Joana Owens





Joana Owens:





The following is the life and traditions of Joana Owens, 520 E.

Breckinridge St., Louisville, Kentucky, an old negro mammy who was born

during slavery.



"My mother and father was slaves, and there was two children born to

them, my sister and me. We used to live at Hawesville, Kentucky, on the

Ohio River. My peoples name was Barr, and their masters name was Nolan

Barr. You know they all had to take their masters name in slave days.



I will never forget how mean old Master Nolan Barr was to us. I was

about fourteen years old and my sister was a little younger. We lived in

an old log cabin. The cracks was filled with mud. My Mother done the

housework for Master Barr's house. My father and sister and me had to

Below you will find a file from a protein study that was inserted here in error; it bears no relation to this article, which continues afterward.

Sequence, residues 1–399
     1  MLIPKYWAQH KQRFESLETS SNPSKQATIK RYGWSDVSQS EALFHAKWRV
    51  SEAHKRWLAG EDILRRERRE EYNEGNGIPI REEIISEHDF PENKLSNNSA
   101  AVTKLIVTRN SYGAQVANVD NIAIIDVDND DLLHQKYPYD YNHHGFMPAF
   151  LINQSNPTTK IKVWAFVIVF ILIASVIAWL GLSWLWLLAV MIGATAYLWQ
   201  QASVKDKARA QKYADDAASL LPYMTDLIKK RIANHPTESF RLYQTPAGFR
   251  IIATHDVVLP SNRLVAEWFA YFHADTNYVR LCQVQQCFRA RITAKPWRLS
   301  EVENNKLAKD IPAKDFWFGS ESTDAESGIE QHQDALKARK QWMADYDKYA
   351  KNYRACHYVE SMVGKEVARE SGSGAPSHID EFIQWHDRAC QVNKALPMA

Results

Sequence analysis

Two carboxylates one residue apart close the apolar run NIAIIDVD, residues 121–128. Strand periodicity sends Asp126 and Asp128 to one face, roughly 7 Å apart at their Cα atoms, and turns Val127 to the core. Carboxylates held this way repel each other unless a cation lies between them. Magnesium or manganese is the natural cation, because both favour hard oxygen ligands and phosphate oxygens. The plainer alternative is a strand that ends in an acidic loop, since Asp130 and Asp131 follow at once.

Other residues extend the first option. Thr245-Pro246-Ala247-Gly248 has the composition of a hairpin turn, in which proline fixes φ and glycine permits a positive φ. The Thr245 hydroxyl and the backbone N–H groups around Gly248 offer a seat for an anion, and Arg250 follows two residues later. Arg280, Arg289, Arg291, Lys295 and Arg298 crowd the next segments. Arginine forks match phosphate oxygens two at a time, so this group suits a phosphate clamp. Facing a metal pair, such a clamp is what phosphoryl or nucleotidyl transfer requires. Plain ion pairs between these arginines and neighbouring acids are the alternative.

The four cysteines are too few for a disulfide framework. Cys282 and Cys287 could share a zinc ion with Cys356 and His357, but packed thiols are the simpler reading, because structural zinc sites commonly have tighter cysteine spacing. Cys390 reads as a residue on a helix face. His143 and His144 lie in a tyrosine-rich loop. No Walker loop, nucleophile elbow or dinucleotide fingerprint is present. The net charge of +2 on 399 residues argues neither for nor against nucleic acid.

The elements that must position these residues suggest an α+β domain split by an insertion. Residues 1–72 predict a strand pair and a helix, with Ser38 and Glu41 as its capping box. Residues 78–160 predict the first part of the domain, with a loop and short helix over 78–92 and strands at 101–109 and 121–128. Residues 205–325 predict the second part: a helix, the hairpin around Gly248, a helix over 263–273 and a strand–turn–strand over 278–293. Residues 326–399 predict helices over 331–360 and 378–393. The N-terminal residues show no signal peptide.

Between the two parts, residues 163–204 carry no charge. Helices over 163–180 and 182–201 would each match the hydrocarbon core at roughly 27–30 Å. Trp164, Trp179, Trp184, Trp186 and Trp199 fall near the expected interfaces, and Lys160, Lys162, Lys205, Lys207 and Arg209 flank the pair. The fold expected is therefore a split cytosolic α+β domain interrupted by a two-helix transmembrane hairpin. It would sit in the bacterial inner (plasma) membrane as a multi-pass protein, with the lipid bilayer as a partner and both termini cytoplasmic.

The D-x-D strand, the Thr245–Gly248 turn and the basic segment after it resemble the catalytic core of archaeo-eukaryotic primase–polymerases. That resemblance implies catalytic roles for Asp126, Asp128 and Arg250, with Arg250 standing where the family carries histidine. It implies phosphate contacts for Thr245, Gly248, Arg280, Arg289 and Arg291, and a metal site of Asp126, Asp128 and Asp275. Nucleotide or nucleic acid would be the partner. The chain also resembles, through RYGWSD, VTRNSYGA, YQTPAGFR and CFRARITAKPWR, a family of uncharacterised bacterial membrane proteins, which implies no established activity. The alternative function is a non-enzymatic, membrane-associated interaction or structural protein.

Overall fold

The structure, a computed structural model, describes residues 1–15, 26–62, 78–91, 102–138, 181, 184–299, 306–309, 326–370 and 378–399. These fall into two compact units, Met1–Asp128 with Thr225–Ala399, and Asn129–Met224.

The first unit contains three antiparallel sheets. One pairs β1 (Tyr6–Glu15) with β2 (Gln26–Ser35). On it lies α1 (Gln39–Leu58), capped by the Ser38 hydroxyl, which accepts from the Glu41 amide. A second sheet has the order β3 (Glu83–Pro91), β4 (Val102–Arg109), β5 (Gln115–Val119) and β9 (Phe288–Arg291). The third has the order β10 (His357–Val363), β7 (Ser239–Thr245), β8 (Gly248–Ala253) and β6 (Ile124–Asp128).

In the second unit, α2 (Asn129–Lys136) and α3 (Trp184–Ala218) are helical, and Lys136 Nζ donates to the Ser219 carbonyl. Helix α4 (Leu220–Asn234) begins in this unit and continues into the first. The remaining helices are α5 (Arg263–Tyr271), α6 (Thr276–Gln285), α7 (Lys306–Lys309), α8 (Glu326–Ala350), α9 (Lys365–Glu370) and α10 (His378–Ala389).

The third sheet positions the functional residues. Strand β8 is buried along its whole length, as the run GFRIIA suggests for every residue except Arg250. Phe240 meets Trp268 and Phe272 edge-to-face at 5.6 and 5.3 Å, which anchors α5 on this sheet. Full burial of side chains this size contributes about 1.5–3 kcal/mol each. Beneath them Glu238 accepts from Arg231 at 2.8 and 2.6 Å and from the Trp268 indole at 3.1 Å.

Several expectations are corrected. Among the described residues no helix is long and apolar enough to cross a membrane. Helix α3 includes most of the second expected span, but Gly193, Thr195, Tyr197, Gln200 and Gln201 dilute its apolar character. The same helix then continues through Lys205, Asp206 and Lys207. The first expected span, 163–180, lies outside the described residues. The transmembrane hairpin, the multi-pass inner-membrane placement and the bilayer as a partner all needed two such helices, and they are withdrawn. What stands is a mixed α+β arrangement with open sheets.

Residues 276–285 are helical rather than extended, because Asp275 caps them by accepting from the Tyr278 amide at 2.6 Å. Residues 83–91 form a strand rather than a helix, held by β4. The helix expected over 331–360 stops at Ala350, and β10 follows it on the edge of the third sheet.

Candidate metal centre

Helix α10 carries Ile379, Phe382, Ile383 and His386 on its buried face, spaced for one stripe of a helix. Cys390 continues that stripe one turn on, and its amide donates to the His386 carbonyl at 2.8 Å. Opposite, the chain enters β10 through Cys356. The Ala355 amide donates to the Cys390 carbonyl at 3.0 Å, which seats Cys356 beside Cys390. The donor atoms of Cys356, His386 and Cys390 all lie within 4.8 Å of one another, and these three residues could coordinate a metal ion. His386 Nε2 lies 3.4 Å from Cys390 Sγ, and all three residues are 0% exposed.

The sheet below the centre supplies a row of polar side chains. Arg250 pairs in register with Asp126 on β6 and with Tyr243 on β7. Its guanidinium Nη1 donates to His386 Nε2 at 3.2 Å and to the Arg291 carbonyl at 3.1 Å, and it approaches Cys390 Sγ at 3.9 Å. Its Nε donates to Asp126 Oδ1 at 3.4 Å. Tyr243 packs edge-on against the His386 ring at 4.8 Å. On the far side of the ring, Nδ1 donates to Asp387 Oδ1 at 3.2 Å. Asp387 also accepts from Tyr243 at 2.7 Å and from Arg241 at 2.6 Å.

work in the fields. He had a big farm, and owned lots of slaves, and

when the old master got mad at his slaves for not working hard enough he

would tie them up by their thumbs and whip the male slaves till they

begged for mercy. He sure was a mean old man. I will never forget him as

long as I live. I don't know exactly how old I is, but I am close to

ninety now. After I growed up and married a man named Owens, we come

here to Louisville to live. That was a short while after the slaves was

freed. I can remember how me and my sister used to go down to the river

and watch the red hospital boats come in, bringing the wounded soldiers

in to be cared for, and me and sister would go long

singing--Nigger--Nigger--never die, if you want a chicken pie."





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